Meet Seagull, Israel’s new USV robot boat
Elbit Systems has a new 40-foot unmanned surface vehicle, the Seagull, which is designed to operate in pairs for either mine sweeping or sub busting. The idea is the first vehicle will have surveillance gear to find the sub or mine, while the second will carry either clearance gear (an ROV) or a anti-submarine torpedo to shove right up the sneaky U-boat’s kisser.
From Elbit’s presser:
Drawing on world class know -how derived from generations of Unmanned Aircraft Systems (UAS) design, development and operation and its naval capabilities, Elbit Systems’ newest offering in the unmanned platform field is Seagull -an organic, modular, highly autonomous, multi-mission Unmanned Surface Vehicle (USV) system.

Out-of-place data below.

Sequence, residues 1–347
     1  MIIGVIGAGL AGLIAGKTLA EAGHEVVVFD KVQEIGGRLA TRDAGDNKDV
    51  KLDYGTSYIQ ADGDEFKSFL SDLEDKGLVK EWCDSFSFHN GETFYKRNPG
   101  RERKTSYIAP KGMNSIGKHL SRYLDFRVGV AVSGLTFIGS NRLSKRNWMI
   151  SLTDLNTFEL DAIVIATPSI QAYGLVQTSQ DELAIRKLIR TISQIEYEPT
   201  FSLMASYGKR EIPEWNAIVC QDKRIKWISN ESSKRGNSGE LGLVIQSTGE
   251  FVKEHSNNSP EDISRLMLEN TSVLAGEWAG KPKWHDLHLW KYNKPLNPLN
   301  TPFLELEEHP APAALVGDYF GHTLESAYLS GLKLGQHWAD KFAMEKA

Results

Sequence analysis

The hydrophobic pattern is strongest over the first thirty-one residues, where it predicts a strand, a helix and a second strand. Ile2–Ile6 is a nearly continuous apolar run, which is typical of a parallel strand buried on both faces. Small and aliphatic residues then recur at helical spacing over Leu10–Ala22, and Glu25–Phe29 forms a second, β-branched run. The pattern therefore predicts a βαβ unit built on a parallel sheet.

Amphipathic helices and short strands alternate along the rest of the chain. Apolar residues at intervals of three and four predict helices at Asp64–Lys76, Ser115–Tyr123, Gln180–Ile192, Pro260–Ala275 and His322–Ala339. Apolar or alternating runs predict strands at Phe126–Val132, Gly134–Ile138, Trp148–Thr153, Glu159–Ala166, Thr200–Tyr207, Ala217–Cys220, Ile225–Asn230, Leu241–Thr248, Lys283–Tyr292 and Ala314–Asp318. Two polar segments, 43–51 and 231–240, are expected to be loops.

Seagull is a 12-meter USV with replaceable mission modules, with two vessels capable of being operated and controlled in concert using a single Mission Control System (MCS), from manned ships or from the shore.
The system provides unmanned end-to-end mine hunting operation taking the man out of the mine field. It provides mission planning, and on-line operation in known and unknown areas,including area survey, search, detection, classification, identification, neutralization and verification. It is equipped to search the entire water volume and operate underwater vehicles to identify and neutralize mines.
The idea is the two-boat pair can operate within 50-100 miles of the control station and remain at sea for 96 hours, covering a pretty large swath of littoral in the process while their operators sip coffee back in a trailer somewhere. A second set of boats can be kept ready to rotate out the first, making a persistent sea station a very possible endeavor.
This obviously has uses in a MIUWU or PSU augmentation or replacement.
Speaking of which, DARPA’s Sea Hunter–the Anti-Submarine Warfare Continuous Trail Unmanned Vessel, or ACTUV is the U.S.’s version of this, and is mucho larger at some 132-feet long and is getting some love on social media as of late.